The Pentagon issued a formal protest to China on Wednesday over its refusal to permit U.S. Navy ships to enter the port of Hong Kong on two occasions last week.

"We are expressing officially our displeasure with the incident," Pentagon press secretary Geoff Morrell told reporters. He said a Chinese military officer who is Beijing's defense attache in Washington was called to the Pentagon to accept the protest from a Pentagon Asia policy official. Morrell called it an "a formal protest, an official protest, complaint," for refusing port entry for two U.S. Navy minesweepers and, later, for the USS Kitty Hawk and its accompanying battle group.

Also, the Chinese foreign minister met with President Bush on Wednesday and blamed the incident on "a misunderstanding."

Morrell said that it is not yet clear whether the Chinese military officer will indeed heed the summons to come to the Pentagon. Morrell said the summons constituted the official protest, but he did not release the wording.

Navy officials have said they are most troubled by China's refusal to let the two Navy minesweepers enter Hong Kong harbor to escape an approaching storm and receive fuel. The minesweepers, the Patriot and the Guardian, were instead refueled at sea and returned safely to their home port in Japan.

In addition, the Chinese also refused to allow the Kitty Hawk, a U.S. aircraft carrier, to make a planned Thanksgiving port visit to Hong Kong.

The Kitty Hawk, which has its home port near Tokyo, was forced to return early to Japan when Chinese authorities at the last minute barred the warship and its escort vessels from entering Hong Kong harbor. Hundreds of families of sailors aboard the Kitty Hawk had flown from Japan to spend Thanksgiving weekend in Hong Kong, but had to return home after China refused the port entry.

Later Chinese officials said the Kitty Hawk could enter the port, but by then the carrier had left the area and did not return.

On Tuesday, two of the Navy's top admirals said that China's refusal was surprising and troubling.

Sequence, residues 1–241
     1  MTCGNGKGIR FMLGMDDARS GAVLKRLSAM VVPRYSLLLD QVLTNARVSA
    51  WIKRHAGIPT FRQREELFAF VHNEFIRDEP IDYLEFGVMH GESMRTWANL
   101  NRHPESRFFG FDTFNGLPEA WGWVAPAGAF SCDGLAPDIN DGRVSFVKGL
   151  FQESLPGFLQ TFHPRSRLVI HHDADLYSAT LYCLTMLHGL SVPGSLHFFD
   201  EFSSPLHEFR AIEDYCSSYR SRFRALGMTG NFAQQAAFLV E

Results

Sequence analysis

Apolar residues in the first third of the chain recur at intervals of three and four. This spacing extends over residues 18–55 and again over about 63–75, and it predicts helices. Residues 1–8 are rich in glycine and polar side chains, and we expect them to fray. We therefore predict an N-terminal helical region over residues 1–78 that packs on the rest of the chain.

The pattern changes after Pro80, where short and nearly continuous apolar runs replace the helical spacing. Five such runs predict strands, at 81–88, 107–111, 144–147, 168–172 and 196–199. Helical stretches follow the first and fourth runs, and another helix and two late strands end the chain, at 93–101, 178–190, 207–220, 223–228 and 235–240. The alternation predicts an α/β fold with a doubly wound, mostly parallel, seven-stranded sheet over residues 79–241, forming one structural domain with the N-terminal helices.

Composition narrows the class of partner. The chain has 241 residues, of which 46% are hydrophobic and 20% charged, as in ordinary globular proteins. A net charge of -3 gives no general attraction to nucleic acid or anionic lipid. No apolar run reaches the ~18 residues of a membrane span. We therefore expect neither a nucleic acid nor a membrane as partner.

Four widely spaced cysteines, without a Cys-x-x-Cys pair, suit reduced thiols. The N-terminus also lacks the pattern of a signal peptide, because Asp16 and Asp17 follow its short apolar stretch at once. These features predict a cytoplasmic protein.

"This is perplexing. It's not helpful," Adm. Timothy Keating, commander of U.S. Pacific Command, told reporters in a videoteleconference from his headquarters at Camp Smith, Hawaii. He also called it distressing and irritating but later said it should not be viewed as "calamitous."

"It's not, in our view, conduct that is indicative of a country that understands its obligations as a responsible nation," he said, adding that he hopes it does not indicate a lasting blockage of port visits.

China's foreign minister, in the meeting with Bush, blamed "a misunderstanding" for the refusal to allow a flotilla of U.S. warships to make a port call in Hong Kong for a Thanksgiving holiday visit.

Bush raised the issue with Foreign Minister Yang Jiechi when he visited the Oval Office for talks about North Korea, Iran and other issues. The incident added an unusual twist to China-U.S. relations, strained in recent months by disputes over trade and Iran's nuclear program.

"Foreign Minister Yang assured the president that it was a misunderstanding," White House press secretary Dana Perino said. She said she could not explain the nature of the misunderstanding.

The aircraft carrier USS Kitty Hawk and members of its strike group, including a nuclear submarine, were scheduled to dock in Hong Kong for a four-day visit. At the same time hundreds of sailors' families had flown to the city to spend the holiday with loved ones, dozens of Americans living in Hong Kong had prepared turkey dinners for those without relatives.

Hong Kong has long been a favored port of call for the U.S. military but Beijing's approval has been required since July 1, 1997, when Britain handed this former colony back to China. Hong Kong's Marine Department, which handles logistic arrangements for ships docking in Hong Kong's deep-water port, said it had not received the documentation it normally would receive from other agencies clearing the arrival of foreign military ships.